Michael Terren






Bythorne is the debut work by the Perth-based pianist and electroacoustic adventurer Michael Terren. Released on the Sydneysider Flaming Pines label in October 2012 and available to buy and listen to in full via this Bandcamp link, the artist chooses an approach that differs much from his densely layered Drone tracks such as Tensions Are High At Basecamp which he contributed to a compilation called Woven for the Twice Removed label in the same month. Bythorne is a six-track EP full of piano arrangements and field recordings which Terren recorded directly at the Bythorne Farm, a place he regularly visited in his childhood. After a long drive of 125 miles, he then placed the piano in the fields of the farm and started to soak up the inspirations. And these are naturally manifold, especially so since childhood nostalgia meshes with chirping birds, convivial tone sequences as well as many surprisingly dark and mystified impressions. Since the Flaming Pines label is known for its dedication to birds and rivers, the listener can rightfully expect to find the flora and fauna in this EP as well, although in a curiously but intendedly altered form; more about this in the following paragraphs. Even though the liner notes mention mallet instruments and live electronics, I could not distill the former in any composition and was only able only pinpoint the lavish use of the latter in one particular track. Regardless of my incapability, the piano remains the characteristic core of each track. A deeper analysis of this refreshingly accessible artifact – in terms of the applicable Modern Classical genre categorization – is given below.


Cureakling, what ever this word, blending or location means, is the point of departure and starts in a gentle and refreshingly unceremonious way, namely with a field recording of the Australian Bythorne Farm that exposes the intrinsic backdrop of this release. Sure, the Flaming Pines label worships nature-related vignettes, but the slow unfolding of the expected field recording does not feel forced or interloped by the label's thematic priority. So before the first piano note even appears, the listener is surrounded by distant birds and their joyful chirps. The opening section is deliberately hazy. The listener is encapsulated, but not swallowed or enchanted rather than becalmed and soothed. After all, Terren wants to capture a perfectly normal day in a beautiful place. After about 20 seconds, the first staccato tones mesh with the omnipresent breeze, growing in volume, conflate with colder keys and a warm euphony in major. The duality of the arrangement, however, seemingly grows and revs up both the pressure and exiguity. The warmth vanishes as the birds chipper more quietly, the monotonously hammered keys underpin the icier polyphony of the tercets which jump at the listener. The song fades out in an indifferent, irresolute state. With Cureakling, the West Australian pianist immediately avoids the cliché trap despite the well-known rural setting: instead of romanticizing or transfiguring the panorama, the music oscillates between being a part of the surroundings – the front cover is self-explanatory in this regard – and an opposition to the solemnity due to unexpected tone sequences and shifts in-between the purposeful monotony.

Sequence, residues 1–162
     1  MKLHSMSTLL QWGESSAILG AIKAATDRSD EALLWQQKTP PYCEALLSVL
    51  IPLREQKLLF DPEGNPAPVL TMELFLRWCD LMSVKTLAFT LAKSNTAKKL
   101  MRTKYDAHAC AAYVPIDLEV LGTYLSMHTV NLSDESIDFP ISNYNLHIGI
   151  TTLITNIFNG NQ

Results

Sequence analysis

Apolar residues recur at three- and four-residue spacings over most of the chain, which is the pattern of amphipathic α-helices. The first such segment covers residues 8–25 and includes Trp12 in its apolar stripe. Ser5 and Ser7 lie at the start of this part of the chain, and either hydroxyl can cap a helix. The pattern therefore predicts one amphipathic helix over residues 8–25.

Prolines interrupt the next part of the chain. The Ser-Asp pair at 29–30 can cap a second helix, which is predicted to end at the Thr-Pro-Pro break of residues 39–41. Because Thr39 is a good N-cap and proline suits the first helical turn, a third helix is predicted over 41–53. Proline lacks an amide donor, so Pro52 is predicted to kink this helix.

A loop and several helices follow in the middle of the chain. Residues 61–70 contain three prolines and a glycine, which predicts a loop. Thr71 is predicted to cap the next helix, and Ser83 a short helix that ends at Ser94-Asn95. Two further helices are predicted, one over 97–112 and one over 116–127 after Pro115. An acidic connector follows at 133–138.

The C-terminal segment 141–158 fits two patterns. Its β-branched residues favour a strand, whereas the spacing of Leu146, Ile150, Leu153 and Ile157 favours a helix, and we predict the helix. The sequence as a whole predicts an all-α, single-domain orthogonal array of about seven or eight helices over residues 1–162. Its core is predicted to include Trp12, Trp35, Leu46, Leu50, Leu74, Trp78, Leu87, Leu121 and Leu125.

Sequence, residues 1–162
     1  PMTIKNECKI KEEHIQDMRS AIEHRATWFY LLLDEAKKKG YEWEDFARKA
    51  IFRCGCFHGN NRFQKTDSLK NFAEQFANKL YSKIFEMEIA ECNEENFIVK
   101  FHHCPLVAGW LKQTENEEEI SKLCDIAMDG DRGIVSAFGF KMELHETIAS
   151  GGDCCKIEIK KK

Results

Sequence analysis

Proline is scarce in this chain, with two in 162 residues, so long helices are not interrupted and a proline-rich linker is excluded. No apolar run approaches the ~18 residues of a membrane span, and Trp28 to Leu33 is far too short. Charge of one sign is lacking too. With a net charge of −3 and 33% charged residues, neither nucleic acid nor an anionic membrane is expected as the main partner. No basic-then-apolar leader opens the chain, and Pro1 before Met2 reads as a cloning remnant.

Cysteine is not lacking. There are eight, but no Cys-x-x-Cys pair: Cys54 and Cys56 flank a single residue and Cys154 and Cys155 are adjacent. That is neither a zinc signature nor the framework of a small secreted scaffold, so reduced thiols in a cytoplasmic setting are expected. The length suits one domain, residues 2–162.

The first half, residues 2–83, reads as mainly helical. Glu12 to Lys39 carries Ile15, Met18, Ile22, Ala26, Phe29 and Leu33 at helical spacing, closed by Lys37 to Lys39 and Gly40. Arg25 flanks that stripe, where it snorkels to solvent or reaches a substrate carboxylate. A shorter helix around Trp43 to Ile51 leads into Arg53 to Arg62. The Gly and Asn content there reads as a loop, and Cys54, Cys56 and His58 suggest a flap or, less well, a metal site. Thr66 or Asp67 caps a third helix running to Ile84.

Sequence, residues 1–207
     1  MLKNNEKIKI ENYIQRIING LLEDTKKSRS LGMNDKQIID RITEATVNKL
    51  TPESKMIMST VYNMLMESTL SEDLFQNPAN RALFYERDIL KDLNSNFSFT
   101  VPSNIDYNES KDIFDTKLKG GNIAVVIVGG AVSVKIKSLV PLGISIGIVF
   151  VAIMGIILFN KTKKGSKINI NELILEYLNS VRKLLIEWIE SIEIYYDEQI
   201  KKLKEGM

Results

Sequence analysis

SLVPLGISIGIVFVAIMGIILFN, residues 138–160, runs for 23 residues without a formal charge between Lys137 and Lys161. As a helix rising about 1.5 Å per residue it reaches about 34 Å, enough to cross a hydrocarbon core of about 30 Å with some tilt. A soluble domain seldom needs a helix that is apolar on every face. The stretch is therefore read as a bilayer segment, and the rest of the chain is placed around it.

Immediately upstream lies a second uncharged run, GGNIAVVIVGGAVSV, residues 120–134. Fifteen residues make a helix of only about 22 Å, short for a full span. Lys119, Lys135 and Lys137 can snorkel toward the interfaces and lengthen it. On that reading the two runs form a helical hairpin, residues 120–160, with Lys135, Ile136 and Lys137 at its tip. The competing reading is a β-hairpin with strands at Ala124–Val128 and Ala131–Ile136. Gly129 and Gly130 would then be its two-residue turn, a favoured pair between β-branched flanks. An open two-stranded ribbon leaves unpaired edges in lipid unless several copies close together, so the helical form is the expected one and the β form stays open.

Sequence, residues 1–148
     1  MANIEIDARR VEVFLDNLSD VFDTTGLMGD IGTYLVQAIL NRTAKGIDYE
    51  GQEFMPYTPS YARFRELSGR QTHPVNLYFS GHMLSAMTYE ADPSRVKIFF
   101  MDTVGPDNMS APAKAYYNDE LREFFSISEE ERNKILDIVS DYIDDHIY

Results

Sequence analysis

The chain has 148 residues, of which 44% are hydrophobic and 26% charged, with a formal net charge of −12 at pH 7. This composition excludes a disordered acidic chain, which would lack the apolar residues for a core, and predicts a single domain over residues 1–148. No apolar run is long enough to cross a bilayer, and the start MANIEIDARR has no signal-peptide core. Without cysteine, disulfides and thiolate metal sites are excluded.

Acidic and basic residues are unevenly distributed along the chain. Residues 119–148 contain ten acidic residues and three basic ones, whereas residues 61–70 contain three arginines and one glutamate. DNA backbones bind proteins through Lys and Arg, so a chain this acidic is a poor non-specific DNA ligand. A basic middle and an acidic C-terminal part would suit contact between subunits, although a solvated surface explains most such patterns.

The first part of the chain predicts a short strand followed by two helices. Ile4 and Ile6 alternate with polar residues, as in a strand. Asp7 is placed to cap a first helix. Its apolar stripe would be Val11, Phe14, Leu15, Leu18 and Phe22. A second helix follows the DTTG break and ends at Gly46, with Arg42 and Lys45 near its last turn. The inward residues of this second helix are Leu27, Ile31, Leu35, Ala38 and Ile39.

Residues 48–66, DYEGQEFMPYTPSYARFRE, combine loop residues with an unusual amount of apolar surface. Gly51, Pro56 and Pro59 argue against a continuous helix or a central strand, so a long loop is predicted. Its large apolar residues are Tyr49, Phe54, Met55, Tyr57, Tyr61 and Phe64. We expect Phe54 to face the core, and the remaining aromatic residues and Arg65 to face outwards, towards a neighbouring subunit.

The perceived aura of twilight is diminished in the following track called These Ones. Comprising of blissfully spiraling piano chords in major and plinking frost patterns in higher regions, this arrangement is delicately uplifting, tremendously eupeptic and definitely catchy, even though it is not based on a melody that is easy to sing along with. While the notes are played in quick succession, incessantly floating and flowing, the majesty of this piece is never perturbed or lessened. A wonderful piano arrangement that focuses on the music-related side rather than sophisticated textural patterns. Up next is All Nine Of Them, and it is the dedicated counterpart to These Ones: It consists of a whirling maelstrom that is analogical to the elysian ebullience of the preceding track, but much darker, more vibrant and undoubtedly voluminous. It is by no means threatening or appalling, but inherits the energy and power of elemental forces such as sudden wind gusts or tempests. All Nine Of Them feels impressive, its impetus thankfully leaves room for euphoria and thermal heat. No birds are featured on this track. You seldom hear them during storms. The short Midiology clocks in below the two minute mark, but Terren makes sure to leave a lasting impression thanks to the applied post-processing methods such as hall and reverb which augment the mistiness and shadiness of the already pitch-black and ever-rumbling piano notes. Crossing the paths to Dark Ambient, Midiology feels cavernous, vault-like and abyssal. Not even a glimpse of facileness can be spotted. It is as if the pianist sat in the eye of a storm.